Private attribute inference from Facebook’s public text metadata: a case study of Korean users

Daeseon Choi (Kongju National University, Gongju, The Republic of Korea)
Younho Lee (Seoul National University of Science and Technology, Seoul, The Republic of Korea)
Seokhyun Kim (Electronics and Telecommunications Research Institute, Daejeon, The Republic of Korea)
Pilsung Kang (School of Industrial Management Engineering, Korea University, Seoul, The Republic of Korea)

Industrial Management & Data Systems

ISSN: 0263-5577

Publication date: 11 September 2017



As the number of users on social network services (SNSs) continues to increase at a remarkable rate, privacy and security issues are consistently arising. Although users may not want to disclose their private attributes, these can be inferred from their public behavior on social media. In order to investigate the severity of the leakage of private information in this manner, the purpose of this paper is to present a method to infer undisclosed personal attributes of users based only on the data available on their public profiles on Facebook.


Facebook profile data consisting of 32 attributes were collected for 111,123 Korean users. Inferences were made for four private attributes (gender, age, marital status, and relationship status) based on five machine learning-based classification algorithms and three regression algorithms.


Experimental results showed that users’ gender can be inferred very accurately, whereas marital status and relationship status can be predicted more accurately with the authors’ algorithms than with a random model. Moreover, the average difference between the actual and predicted ages of users was only 0.5 years. The results show that some private attributes can be easily inferred from only a few pieces of user profile information, which can jeopardize personal information and may increase the risk to dignity.

Research limitations/implications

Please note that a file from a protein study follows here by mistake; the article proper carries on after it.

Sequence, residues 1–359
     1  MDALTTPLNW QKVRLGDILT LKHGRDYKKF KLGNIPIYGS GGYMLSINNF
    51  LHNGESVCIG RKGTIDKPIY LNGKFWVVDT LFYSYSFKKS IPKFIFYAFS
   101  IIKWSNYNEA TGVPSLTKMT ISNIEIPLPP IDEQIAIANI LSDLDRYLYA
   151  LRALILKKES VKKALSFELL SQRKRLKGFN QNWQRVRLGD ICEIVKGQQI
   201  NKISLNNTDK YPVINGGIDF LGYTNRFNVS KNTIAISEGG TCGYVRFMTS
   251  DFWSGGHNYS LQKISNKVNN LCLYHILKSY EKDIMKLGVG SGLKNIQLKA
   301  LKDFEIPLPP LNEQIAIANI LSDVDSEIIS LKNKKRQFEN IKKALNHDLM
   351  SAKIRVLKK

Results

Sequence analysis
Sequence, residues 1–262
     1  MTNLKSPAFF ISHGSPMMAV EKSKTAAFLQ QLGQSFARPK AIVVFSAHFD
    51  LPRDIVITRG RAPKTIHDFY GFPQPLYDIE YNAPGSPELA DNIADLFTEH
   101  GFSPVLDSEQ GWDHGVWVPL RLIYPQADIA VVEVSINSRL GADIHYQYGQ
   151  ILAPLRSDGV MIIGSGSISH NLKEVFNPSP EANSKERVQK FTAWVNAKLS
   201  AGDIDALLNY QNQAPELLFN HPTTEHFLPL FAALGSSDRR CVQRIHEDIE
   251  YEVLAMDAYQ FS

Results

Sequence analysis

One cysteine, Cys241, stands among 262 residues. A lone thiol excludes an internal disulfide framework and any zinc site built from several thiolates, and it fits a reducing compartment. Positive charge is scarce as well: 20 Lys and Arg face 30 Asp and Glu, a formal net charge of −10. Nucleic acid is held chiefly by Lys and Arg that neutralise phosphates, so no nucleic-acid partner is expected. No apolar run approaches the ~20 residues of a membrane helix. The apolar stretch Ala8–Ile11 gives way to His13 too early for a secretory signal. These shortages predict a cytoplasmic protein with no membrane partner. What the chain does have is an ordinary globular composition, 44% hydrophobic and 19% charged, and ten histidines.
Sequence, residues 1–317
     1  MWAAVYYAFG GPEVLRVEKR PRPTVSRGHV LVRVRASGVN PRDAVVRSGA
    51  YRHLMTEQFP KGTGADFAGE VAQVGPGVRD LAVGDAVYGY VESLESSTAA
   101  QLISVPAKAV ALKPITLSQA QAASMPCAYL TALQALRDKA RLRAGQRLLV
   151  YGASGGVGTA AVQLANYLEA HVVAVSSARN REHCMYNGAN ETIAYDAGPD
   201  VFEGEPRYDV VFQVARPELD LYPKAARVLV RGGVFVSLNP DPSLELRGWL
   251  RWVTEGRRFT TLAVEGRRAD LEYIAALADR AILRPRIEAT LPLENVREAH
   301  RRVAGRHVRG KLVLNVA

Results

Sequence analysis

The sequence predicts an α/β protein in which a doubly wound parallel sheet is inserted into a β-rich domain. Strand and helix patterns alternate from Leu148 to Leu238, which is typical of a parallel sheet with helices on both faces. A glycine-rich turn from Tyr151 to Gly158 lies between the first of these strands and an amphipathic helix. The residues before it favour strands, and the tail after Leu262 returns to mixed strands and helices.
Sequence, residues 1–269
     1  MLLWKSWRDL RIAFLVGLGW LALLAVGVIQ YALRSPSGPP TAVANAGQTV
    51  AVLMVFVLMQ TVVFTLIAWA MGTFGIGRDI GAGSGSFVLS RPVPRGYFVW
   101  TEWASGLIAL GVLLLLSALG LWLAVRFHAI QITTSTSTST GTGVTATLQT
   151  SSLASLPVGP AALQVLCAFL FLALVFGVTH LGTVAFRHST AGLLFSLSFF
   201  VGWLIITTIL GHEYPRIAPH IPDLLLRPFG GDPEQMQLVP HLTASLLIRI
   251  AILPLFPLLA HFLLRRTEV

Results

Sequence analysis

In this paper, the authors’ only utilized each user’s own profile data, especially text information. Since users in SNSs are directly or indirectly connected, inference performance can be improved if the profile data of the friends of a given user are additionally considered. Moreover, utilizing non-text profile information, such as profile images, can help increase inference accuracy. The authors’ can also provide a more generalized inference performance if a larger data set of Facebook users is available.

Practical implications

A private attribute leakage alarm system based on the inference model would be helpful for users not desirous of the disclosure of their private attributes on SNSs. SNS service providers can measure and monitor the risk of privacy leakage in their system to protect their users and optimize the target marketing based on the inferred information if users agree to use it.


This paper investigates whether private attributes of SNS users can be inferred with a few pieces of publicly available information although users are not willing to disclose them. The experimental results showed that gender, age, marital status, and relationship status, can be inferred by machine-learning algorithms. Based on these results, an early warning system was designed to help both service providers and users to protect the users’ privacy.



This research was supported by the Basic Science Research Program through the National Research Foundation of Korea (NRF) funded by the Ministry of Education (NRF-2016R1D1A1B03930729), National Research Foundation of Korea (NRF) grant funded by the Korean Government (Ministry of Science, ICT & Future Planning (MSIP)) (NRF-2015R1A2A2A04007359, NRF-2016R1A4A1011761), and Institute for Information & communications Technology Promotion (IITP) grant funded by the Korean Government (MSIP) (No. 2017-0-00349, Development of media streaming system with machine learning using quality of experience (QoE)).


Choi, D., Lee, Y., Kim, S. and Kang, P. (2017), "Private attribute inference from Facebook’s public text metadata: a case study of Korean users", Industrial Management & Data Systems, Vol. 117 No. 8, pp. 1687-1706.

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